Yet the number of people who will only read by the cheerful glare of the backlit display is still very small.   Just 4% of readers refuse to gaze upon the printed page anymore.  In contrast, audiobook listeners are the most omnivorous and will consume content any which way they please.


The study also includes statistics on the demographics of tablet ownership.  Not surprisingly, iPad enthusiasts are more likely to be young, educated, and wealthy (those things are stupidly expensive, after all), and only eat organic kale for breakfast.  Almost half of readers under 30 have read an e-book in the past year, compared to 17% of senior folks.

So what does this all mean?  I don’t know.  Maybe not much.  The results aren’t particularly surprising, although if you’re an author looking to publish a guide to Medicare enrollment, you might want to stick to print.  Readers are still slurping down an average of five books a year, which gives authors plenty of latitude to pick which format works best for their content and truly develop it.

Digital content is super great, but it wasn’t displacing print last year, and it won’t displace it this year, either.  I think the point is that people who like to read will read everything and anything.  Just like you might leave your expensive hardcovers at home and take a paperback to the beach, tablets and print books both have their place in the grand scheme of things.

A Worrying Confession

Sometimes I think I don’t like books enough to be an author.

They say the best way to be a good writer is to read everything in sight, including the work of your contemporaries, because that’s how you know what sells and what doesn’t, but that’s just not me.  While I might be familiar with the hottest names in my genre, mostly through Twitter, the agents and publishers that are promoting them seem to have an all-consuming enthusiasm for books that I lack.

lotusI can’t remember the last book I read that wasn’t my own.  I’ve been writing The Spoil for a year solid, and for two years before that, I was so addled by other things that I was unable to keep my eyes on a page.  I have no interest in the paranormal, in urban fantasy, in other people’s characterizations of the perfect kick-ass woman with her uncanny lack of everyday flaws.  I gave away three dozen books while moving without any emotional strain.  I don’t even watch Game of Thrones, nor have I read the books (and I can’t even tell you how much flack I get for that).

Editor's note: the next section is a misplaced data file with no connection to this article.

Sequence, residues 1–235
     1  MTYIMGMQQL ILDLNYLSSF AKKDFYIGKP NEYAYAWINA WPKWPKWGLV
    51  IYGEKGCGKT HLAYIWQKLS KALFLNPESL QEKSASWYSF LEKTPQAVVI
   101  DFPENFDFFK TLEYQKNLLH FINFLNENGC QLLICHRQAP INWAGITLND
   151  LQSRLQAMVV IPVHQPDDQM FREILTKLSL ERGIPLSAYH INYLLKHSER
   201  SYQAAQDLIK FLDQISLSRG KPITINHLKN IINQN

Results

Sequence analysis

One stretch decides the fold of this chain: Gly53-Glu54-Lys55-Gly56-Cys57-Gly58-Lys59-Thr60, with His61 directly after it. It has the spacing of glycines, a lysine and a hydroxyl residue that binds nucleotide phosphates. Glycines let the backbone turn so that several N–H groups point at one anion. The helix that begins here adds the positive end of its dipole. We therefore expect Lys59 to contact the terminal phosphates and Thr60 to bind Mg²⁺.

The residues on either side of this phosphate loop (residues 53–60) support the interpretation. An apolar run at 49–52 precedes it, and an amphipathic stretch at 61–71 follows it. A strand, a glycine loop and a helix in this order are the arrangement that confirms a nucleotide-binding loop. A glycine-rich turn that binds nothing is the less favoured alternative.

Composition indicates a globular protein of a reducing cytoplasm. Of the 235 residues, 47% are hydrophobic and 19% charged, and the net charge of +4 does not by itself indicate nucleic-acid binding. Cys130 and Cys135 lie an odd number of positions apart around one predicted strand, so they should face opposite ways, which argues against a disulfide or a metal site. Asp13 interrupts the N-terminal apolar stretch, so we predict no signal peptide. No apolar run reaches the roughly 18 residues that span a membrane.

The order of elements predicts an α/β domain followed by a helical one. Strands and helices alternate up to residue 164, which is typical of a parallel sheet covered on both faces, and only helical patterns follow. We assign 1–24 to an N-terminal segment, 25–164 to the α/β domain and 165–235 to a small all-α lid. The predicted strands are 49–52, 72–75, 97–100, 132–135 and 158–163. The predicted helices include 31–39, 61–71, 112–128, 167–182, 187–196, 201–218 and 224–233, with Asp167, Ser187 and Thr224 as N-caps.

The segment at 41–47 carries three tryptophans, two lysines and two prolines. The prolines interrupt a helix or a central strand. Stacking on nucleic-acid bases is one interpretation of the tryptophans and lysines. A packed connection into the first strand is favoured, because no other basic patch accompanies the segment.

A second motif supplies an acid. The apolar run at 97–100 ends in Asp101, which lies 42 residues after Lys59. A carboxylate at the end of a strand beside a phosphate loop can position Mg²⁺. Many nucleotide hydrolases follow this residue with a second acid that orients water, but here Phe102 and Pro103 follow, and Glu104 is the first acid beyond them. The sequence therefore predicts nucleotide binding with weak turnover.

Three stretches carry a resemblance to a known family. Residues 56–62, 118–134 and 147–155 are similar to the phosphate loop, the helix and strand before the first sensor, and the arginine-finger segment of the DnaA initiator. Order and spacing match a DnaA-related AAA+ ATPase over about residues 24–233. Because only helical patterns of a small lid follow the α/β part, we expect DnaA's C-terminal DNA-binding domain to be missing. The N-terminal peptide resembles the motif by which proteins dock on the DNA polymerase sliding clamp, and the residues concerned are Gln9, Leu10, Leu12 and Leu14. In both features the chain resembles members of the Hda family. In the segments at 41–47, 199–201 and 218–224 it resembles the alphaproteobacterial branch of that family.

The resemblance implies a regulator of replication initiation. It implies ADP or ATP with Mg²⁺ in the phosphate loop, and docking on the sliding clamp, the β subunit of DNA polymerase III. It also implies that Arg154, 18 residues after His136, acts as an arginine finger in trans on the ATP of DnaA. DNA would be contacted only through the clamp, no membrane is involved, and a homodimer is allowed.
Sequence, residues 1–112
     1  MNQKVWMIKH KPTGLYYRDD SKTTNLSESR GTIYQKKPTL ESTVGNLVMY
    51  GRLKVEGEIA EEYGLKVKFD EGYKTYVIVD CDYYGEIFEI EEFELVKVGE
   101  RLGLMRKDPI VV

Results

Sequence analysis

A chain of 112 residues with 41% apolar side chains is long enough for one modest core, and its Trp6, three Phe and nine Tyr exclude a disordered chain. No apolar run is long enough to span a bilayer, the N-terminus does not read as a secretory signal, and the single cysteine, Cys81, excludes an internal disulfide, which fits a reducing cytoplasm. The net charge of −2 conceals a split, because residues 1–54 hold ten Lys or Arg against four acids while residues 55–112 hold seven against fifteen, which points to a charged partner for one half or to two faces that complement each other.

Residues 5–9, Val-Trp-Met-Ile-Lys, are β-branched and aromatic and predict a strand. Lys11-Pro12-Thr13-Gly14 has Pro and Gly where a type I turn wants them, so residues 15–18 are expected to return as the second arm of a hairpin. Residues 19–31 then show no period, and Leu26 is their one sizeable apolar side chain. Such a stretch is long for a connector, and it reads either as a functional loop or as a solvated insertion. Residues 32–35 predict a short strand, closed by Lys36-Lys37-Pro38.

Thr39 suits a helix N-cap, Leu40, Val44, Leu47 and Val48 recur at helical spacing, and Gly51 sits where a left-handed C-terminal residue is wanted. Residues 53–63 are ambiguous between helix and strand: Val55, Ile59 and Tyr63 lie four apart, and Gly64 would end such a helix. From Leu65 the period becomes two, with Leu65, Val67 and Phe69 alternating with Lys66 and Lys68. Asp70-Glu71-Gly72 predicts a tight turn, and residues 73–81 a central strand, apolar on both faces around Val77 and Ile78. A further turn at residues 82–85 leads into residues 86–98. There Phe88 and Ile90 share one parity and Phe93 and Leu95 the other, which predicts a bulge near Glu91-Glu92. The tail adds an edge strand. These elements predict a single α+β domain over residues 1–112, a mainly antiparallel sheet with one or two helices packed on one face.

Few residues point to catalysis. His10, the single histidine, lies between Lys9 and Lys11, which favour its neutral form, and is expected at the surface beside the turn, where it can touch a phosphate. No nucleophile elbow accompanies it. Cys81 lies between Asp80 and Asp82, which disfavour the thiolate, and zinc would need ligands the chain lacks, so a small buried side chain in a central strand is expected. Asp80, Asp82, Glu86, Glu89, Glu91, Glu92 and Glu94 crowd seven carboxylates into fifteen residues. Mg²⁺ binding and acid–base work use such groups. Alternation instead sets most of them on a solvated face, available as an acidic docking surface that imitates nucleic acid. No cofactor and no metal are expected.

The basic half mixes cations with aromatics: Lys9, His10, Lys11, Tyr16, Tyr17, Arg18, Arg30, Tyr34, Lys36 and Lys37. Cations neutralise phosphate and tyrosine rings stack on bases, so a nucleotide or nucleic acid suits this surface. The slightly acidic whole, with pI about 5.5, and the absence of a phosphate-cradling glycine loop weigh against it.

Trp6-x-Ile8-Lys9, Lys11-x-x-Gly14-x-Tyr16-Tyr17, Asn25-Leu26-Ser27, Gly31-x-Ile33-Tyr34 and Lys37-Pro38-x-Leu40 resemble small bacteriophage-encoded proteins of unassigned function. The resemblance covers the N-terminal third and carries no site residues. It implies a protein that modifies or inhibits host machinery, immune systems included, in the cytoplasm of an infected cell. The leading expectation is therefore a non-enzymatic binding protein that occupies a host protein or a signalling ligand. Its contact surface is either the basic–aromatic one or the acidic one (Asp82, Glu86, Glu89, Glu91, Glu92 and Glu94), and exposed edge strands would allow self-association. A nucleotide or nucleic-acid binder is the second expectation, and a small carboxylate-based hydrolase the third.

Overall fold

My excuse – no, it’s a valid reason, I think – is that I can’t read or watch fantasy while I’m trying to write it.  I can’t have other people’s ideas in my head, because I’ll run with them, and some people call that plagiary.  So I lock myself in a little mental bunker and pretend other books and other authors just don’t exist.  It also helps keep the jealousy monsters at bay, as long as we’re being honest.  Hearing about other people’s successes can be discouraging when you’ve been staring at the same half-formed sentence for six weeks, convinced that you should just go crawl into a hole and cry.

That’s not to say I don’t have a strong literary foundation, or that I don’t know anything about the industry.  I spent my entire teenage decade reading voraciously, soaking up ideas and cadences, myths and sorrows and words and action scenes, living in imaginary worlds that were far more attractive than my 10th grade English class (sorry, Mr. Perry, but you know what you did).

But I also spent those years convinced that I would never be able to write.  Maybe I just didn’t have the discipline; maybe I was afraid.  Of failure.  Of losing my tenuous grip on the real world.  Of being mocked.  Of not being any better than the people I did mock.  I got a B in my creative writing class in college because I couldn’t critique my fellow students’ short stories without being incredibly frustrated and more than a little mean, so I just didn’t hand in my homework.  I have since found a way to moderate myself in such situations and actually be constructive, but that was a lesson that took a lot of time and effort to learn.

Now I write.  I write a lot, and convince myself it’s okay that I don’t read.  But it still bothers me that I don’t spend time in the bookstore, even while desperately hoping that I join all those authors on the shelves someday.  I don’t keep a paperback in my purse to read at lunch.  I don’t have stacks of non-fiction volumes propping up my ceiling.  My Kindle is empty, and gone are the days of sneaking some snacks up to my room and staying awake with a story until 3 in the morning.  Now, when I’m up until the wee hours of the night, it’s because my own stories are filling my head.  I’m producing, instead of consuming, and maybe there isn’t anything wrong with that.  Maybe it’s just one more quirk to add to my list: I can only have the switch flipped one way, while most people can do both.

Am I the only one?  Am I selling myself short?  Or should I just stop freaking out and finish my manuscript already?  Yeah, I think I know the answer to that last one.  I’m almost there.  Really.  Shush, you.


Today I had one of those rare but always awesome “eureka” moments.  No, I wasn’t in the bath, but I was taking a shower when I decided to write about it on my blog, so I guess that counts for something.

I don't have a picture of a light bulb.

I was just sitting here in front of the computer, grumpy and dissatisfied about my new project.  Prequels are tough, especially when you’re trying to fill in specific gaps in the plot of the next book in line.  I know what has to happen, but massaging the timeline to fit into something already constructed isn’t as easy as it sounds, especially since I would have done things a little differently in TLDTC if I had known I was really going to write a prequel.  But that’s bathwater under the bridge.

The problem I was facing – and I was having a similar issue with The Paper Flower – is that no one really wants to follow some dude around as he finds stuff out that will eventually, but clumsily, forward the plot.  That falls on the wrong side of the “show, don’t tell” rule, which is one of the most important in fiction writing.  But you also can’t have non-stop crash-pow-bam action, especially when your main character is a clerk in a merchant’s office, because that’s equally unrealistic.